You are here

Nutrition and cancer

Introduction

Good nutrition is vital for general health and wellbeing, and this is even more important after a cancer diagnosis. If you are able to maintain a healthy body weight and maintain your physical strength and general fitness before, during and after treatment for cancer, this may increase the effectiveness of the treatment/s and will help speed your recovery. But more importantly, it can make the process of getting through treatment easier, as you may improve your ability to maintain as much of your normal life routines as you are reasonably able to.

Both cancer itself and the treatments for cancer (including surgery, chemotherapy, radiotherapy, hormone therapy and immunotherapy) can impact healthy nutrition. For this reason, a dietitian may be an important member of the cancer treatment team, and is able to advise how best to deal with the side effects of these treatments from a nutritional point of view.

These side effects may include:

  • Loss of appetite.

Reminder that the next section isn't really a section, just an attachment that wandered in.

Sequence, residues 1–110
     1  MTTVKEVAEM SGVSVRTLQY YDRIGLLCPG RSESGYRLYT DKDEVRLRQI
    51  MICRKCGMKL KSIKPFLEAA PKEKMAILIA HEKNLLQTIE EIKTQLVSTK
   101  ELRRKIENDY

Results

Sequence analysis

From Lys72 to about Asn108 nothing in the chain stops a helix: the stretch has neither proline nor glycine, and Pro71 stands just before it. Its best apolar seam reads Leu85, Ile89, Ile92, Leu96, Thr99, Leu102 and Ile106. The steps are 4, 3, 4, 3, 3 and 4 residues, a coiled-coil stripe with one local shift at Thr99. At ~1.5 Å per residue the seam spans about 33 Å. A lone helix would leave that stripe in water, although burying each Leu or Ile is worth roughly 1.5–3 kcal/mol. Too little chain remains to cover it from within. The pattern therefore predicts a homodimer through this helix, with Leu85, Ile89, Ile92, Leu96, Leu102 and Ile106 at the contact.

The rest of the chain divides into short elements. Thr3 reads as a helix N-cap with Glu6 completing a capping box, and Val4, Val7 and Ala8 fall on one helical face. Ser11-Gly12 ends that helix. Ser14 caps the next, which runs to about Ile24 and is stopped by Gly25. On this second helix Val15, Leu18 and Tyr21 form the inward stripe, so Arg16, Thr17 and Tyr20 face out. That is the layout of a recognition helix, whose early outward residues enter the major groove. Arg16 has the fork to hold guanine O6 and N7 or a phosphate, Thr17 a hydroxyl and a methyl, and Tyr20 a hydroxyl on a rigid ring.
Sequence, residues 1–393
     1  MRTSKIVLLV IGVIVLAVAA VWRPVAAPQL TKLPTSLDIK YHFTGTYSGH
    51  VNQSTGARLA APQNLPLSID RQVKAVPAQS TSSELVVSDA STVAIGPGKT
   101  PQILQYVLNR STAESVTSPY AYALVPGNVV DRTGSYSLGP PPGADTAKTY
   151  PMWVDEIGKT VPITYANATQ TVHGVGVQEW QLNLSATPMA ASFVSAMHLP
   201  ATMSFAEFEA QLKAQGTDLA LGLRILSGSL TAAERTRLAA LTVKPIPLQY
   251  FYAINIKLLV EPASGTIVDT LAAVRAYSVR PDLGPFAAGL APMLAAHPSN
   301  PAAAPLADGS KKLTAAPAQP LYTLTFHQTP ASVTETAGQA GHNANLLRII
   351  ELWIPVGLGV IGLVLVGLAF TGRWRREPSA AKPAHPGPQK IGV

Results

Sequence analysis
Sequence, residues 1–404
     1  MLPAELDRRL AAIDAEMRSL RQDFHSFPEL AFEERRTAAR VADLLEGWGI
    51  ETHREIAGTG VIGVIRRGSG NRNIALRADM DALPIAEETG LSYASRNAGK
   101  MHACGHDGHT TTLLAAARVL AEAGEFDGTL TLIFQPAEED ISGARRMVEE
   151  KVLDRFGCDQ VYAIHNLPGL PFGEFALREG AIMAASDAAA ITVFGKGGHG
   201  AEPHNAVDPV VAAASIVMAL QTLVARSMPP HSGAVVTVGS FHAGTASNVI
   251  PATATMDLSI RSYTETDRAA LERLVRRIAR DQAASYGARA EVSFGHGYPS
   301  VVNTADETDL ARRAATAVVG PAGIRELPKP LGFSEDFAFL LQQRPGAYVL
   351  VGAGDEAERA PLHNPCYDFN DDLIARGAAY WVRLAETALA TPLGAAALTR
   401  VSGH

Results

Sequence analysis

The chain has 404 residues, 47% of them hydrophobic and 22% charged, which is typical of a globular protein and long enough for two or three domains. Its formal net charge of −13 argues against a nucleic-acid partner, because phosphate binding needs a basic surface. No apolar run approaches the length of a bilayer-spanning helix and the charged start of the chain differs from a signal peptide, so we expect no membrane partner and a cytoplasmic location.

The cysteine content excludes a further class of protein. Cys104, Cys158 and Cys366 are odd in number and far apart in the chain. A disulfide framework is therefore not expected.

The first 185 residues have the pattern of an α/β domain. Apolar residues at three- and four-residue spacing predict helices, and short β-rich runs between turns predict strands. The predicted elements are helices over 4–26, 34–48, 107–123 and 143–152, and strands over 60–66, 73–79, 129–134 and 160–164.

• Loss of, or change in sense of taste and smell.

In turn these effects can lead to malnutrition, which then makes the patient weaker and more tired and less able to fight off infection or finish treatment.

It is also very common for cancer, especially when at an advanced stage, to cause anorexia (lack of desire to eat) and/or cachexia (loss of fat and muscle tissue, weight loss and weakness).

This may be more common when the cancer is affecting the digestive tract. Some cancers of the digestive tract (and of the head and neck) can also change the way the body processes protein, carbohydrates and fat, so that, even when someone seems to have a healthy appetite, the nutrients are not being absorbed by the body.

General recommendations

To maintain healthy nutrition during cancer treatments, it's important to realise that a healthy intake of the right foods forms a part of your treatment regimen. It's a good idea to:

  • Set times to eat or snack, so you don't forget.
  • Carry small snacks e.g. hard-boiled eggs, fruit and nut mix, crackers and muesli bars.
  • Carry something to drink with you – such as Sustagen, Ensure or Resource Fruit Beverage (rather than simply water or soft drinks).
  • Make sure you are eating high energy and high protein containing food when you eat.
  • Opt for more nourishing choices when having a snack, e.g. milk instead of water, cheese instead of sweets and lollies.

Related Information

Chemotherapy